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What's your advice for Fancy Fabric Sewing?

My very expensive veil!

My very expensive veil!

Sewing with fancy fabrics can be intimidating because these beautiful fabrics are usually considerably more costly than "every-day" fabrics. When you've paid $50 or more for a yard of fabric, you don't want to make any cutting or sewing errors.

I'll share my fancy fabric advice, and I hope you'll share yours as well. And don't forget to enter the Threads Fancy Fabric Challenge.

Although it was over 41 years ago, I remember my first foray into really expensive fabric as if it were yesterday, largely because my family continues to remind me of the experience, usually when someone in the family is getting married.

I decided to make my wedding gown, and traveled to the famous fabric district in New York City to find the most exquisite fabrics I had ever seen. (As a kid, Woolworth's was my "fabric store.") I wanted a long train with an even longer veil ala Maria's wedding dress in "The Sound of Music." I determined my fabric requirements at home after careful (or so I thought) measurement. I was using a pattern for the dress, so that was easy to calculate, but I needed to create my own pattern for the train and veil. My plan was to have the train begin at arm level and extend 2 feet below the bottom of the dress; the veil was to extend 2 feet beyond the train. My measuring dilemma began when I mixed yards and feet.

For the train measurement, I started at the center back of the dress from the location I wanted the train to begin and measured to the hem in yards--let's say 2 yards. But when I added the 2 feet for the train to extend past the hem, in error I added it in yards, and determined that I would need 4 YARDS of fabric for my train. Then, when I calculated the veil measurement, I simply added to the already incorrect train measurement. I estimated that I needed 2 feet from the top of the train to the top of my head and 2 feet for the extension beyond the train at the other end. I also added an extra foot for good measure. But, instead of adding 5 feet, I added 5 YARDS to the train measurement resulting in 9 yards of extremely expensive tulle.

When the dress and veil were finished, I had yards and yards of extra tulle. Tulle is not the kind of fabric you use to whip up a summer dress or winter jacket, and I didn't have room to store it for a future creative whim. I ended up making lots and lots of expensive, white tulle dish-washing scrubbies! For years my husband and I used one as a "bow" on just about every package we ever wrapped--with a note of explanation. After a year or two they were gone at last, but as I said, my family doesn't miss the chance to remind me of my blunder!

So, my fancy fabric advice is not to rush when you determine your fabric needs. Check your measurements very carefully, and then check again. Measuring mistakes are a problem for any sewing project, but they can be extra costly when using expensive or delicate fabrics.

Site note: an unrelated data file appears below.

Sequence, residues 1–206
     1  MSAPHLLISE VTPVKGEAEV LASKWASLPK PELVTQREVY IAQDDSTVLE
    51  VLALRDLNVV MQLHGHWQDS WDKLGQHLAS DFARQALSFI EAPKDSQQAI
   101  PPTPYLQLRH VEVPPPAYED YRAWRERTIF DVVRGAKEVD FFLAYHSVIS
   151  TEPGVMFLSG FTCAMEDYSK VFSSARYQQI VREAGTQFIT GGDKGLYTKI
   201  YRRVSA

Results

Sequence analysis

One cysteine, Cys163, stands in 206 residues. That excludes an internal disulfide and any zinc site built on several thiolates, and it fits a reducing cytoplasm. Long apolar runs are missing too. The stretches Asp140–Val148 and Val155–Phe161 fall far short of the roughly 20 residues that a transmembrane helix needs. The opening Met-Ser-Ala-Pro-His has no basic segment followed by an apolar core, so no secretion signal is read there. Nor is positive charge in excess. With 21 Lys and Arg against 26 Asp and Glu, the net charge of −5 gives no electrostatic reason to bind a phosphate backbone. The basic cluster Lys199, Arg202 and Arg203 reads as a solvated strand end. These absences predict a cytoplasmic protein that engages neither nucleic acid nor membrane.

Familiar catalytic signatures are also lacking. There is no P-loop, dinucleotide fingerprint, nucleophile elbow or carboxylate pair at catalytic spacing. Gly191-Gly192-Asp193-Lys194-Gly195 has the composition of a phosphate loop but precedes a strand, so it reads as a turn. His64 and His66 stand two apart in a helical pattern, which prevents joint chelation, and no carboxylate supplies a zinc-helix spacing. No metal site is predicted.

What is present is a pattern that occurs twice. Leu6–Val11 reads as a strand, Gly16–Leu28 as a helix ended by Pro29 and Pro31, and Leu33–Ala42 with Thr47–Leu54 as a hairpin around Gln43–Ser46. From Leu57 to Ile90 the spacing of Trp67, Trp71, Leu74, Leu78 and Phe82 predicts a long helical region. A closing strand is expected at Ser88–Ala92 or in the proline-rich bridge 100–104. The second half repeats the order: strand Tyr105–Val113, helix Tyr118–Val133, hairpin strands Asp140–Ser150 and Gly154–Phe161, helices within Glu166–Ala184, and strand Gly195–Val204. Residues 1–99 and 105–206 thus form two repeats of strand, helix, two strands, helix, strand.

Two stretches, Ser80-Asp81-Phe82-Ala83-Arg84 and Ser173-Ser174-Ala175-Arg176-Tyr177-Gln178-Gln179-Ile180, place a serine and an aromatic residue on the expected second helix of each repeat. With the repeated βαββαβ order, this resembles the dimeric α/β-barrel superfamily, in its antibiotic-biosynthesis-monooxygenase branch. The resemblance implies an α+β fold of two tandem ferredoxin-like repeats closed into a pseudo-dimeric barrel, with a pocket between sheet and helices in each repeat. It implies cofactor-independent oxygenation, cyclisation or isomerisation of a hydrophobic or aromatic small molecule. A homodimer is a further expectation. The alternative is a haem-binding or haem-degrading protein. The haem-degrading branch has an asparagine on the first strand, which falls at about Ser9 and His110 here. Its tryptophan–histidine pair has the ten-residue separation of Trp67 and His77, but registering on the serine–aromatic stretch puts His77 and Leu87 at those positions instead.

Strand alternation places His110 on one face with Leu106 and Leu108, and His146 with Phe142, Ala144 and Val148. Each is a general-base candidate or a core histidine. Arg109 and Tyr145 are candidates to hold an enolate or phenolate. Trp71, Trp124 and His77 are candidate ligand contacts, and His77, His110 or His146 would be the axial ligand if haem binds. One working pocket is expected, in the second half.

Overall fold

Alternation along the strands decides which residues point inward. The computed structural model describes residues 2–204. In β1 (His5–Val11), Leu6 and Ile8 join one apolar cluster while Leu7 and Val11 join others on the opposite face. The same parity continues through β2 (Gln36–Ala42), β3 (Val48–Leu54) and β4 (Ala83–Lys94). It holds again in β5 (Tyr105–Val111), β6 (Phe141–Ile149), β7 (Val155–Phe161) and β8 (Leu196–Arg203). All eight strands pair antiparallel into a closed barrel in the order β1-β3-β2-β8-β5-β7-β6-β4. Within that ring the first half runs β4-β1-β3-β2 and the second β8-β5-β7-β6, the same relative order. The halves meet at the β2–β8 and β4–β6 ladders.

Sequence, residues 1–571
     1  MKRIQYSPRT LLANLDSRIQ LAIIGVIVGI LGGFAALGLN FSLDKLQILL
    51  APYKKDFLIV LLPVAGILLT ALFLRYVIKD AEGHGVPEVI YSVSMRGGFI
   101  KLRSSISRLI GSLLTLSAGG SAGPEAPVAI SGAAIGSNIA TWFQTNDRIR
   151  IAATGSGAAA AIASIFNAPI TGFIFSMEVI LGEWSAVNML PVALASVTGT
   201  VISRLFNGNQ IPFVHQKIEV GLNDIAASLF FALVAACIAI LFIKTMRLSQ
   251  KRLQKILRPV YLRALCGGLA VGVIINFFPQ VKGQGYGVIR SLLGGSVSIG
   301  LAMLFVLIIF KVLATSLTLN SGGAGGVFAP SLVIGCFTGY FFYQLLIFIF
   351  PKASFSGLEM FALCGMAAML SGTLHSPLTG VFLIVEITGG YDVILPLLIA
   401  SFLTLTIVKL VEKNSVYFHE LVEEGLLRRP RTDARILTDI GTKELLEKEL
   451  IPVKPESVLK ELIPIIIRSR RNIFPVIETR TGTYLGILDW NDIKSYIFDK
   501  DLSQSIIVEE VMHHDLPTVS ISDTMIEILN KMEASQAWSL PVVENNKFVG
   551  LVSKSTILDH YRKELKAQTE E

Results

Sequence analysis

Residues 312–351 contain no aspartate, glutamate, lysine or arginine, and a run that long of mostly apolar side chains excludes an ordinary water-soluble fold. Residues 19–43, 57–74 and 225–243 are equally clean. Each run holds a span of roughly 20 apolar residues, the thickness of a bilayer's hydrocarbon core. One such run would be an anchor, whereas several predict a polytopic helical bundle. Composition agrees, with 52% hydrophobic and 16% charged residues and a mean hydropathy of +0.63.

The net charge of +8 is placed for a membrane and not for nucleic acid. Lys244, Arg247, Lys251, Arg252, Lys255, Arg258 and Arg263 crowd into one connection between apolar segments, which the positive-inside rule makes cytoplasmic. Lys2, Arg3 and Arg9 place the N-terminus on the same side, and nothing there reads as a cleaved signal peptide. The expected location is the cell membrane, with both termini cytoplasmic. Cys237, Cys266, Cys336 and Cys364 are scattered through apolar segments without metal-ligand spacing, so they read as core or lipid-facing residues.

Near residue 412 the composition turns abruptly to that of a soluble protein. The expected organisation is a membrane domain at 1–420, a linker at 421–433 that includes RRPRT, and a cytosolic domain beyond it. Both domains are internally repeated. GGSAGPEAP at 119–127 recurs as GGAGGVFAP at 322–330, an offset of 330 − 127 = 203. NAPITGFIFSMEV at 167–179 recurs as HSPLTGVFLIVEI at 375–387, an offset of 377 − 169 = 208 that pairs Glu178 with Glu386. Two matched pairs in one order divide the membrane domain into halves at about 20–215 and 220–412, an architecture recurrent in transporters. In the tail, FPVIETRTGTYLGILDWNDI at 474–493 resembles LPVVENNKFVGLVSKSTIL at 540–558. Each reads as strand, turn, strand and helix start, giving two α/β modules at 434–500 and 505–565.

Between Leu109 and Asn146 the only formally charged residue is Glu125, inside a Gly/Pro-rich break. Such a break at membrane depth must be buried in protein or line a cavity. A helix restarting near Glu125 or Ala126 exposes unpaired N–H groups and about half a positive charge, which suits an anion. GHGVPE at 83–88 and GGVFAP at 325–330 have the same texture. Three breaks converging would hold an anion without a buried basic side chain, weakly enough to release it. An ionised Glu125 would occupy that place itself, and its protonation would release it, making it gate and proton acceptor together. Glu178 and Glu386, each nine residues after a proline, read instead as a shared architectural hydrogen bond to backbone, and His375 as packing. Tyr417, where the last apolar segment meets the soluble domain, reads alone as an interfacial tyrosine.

What advice can you give from your experience working with fancy fabrics?

amm April M. Mohr, contributor
Posted on Dec 8th, 2009 in garment construction, fabric

Comments (5)

Memmy Memmy writes: Hello Skymom ,Where do you get silk Thread . I need an online source .
Posted: 10:38 pm on December 30th

Memmy Memmy writes: Your story of the tule debacle reminds of one I had with sawdust!! I was supposed to order 2 cubic yards of it but ended up ordering 20 !!! We ended up with a MOUNTAIN in our back yard which my poor dear Husband had to move by himself as I had arranged to go away for the weekend.!! We had amazing garden soil after about 3 years though!
Posted: 10:35 pm on December 30th

justpam justpam writes: As always, time permitting, make it first out of muslin!!!!!!
With fabric prices soring, moderately priced fabrics in privately owed stores can average around $25 per yard and easily exceed $100.00 per yard (a recent trip to San Francisco had me drooling at fabrics behind a velvet rope...I didn't even ask but I did see a Dolce label) At that point, a quarter of a yard matters and pattern problems are better resolved on $2 a yard muslin as opposed to the equivalent of airfare home!!!
Posted: 9:22 pm on December 21st

Skymom Skymom writes: This is something I learned from Judy Neukam: consider using fine silk thread for construction. I made a wedding gown a couple of years ago (cream silk shantung, lined with habotai, and underlined with silk organza), and used natural white silk thread. I was able to stitch the entire full-length gown, lining and all, with a single bobbin, the thread was so fine. There's no bulk at all in the seams, and the thread fades into the fabric so thoroughly that you really don't need to match the color (though I'd use black thread on a dark fabric). A spool of silk thread is a little more expensive than regular old polyester thread, but it lasts a lot longer and gives fantastic results.
Posted: 5:29 pm on December 9th

bobbyb626 bobbyb626 writes: One of the top ten things to watch with fancy fabrics is the heat of pressing and steam tools. Fancy fabrics are often highly susceptible to heat - even seemingly low heat. I always test a piece to see the effects of pressing and I've been known to "pre-shrink" some metallic fabrics by giving them a quick press with a warm iron and a press cloth. Yes, it's very unconventional but doing so removes any major wrinkles or creases. I have accidentally ruined a bodice section with steam that was too hot. It shriveled up to nothing right before my eyes, which leads me to another tip. Purchase a little extra fabric!
Posted: 5:02 pm on December 8th

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